In countries with advanced medical services, new cases of Ebola will be swiftly contained using a combination of treatments and isolation processes. But the news of individual cases will provoke economic disruption and fear in the general population, both of which will be disproportionate to the actual risks. We are calling the economic impacts that result from irrational behaviour a ‘fear multiplier effect’. The statistics show the actual probability of catching the illness is much lower than other risks people routinely encounter on a daily basis.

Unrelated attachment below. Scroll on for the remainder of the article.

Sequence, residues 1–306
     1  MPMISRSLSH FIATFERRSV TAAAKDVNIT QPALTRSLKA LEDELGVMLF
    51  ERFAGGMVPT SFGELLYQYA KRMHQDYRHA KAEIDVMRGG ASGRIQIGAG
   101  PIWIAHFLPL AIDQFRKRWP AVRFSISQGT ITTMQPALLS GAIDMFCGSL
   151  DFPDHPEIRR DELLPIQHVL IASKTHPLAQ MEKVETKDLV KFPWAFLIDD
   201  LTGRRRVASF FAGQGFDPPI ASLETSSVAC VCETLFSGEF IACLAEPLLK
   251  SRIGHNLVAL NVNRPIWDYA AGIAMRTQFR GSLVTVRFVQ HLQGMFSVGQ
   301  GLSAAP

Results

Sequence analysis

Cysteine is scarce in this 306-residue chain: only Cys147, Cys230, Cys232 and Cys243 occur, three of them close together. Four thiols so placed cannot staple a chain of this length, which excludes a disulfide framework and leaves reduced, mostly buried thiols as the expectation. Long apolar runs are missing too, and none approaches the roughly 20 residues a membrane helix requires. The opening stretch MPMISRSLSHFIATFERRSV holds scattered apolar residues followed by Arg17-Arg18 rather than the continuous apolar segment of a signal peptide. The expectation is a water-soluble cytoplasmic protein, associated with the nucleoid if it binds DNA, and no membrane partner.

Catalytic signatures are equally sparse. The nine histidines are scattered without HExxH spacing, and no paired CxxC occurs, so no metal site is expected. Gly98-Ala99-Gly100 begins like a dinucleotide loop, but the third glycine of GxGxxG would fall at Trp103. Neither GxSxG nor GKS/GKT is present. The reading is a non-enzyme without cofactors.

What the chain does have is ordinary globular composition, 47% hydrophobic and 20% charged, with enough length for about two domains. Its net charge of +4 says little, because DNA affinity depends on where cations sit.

Dr Scott Kelly, senior research associate at the Cambridge Centre for Risk Studies, says despite Ebola’s high mortality rate, the Centre’s research suggests the greatest disruption in developed economies is actually likely to come from fear of the disease, rather than the sickness and death it causes.
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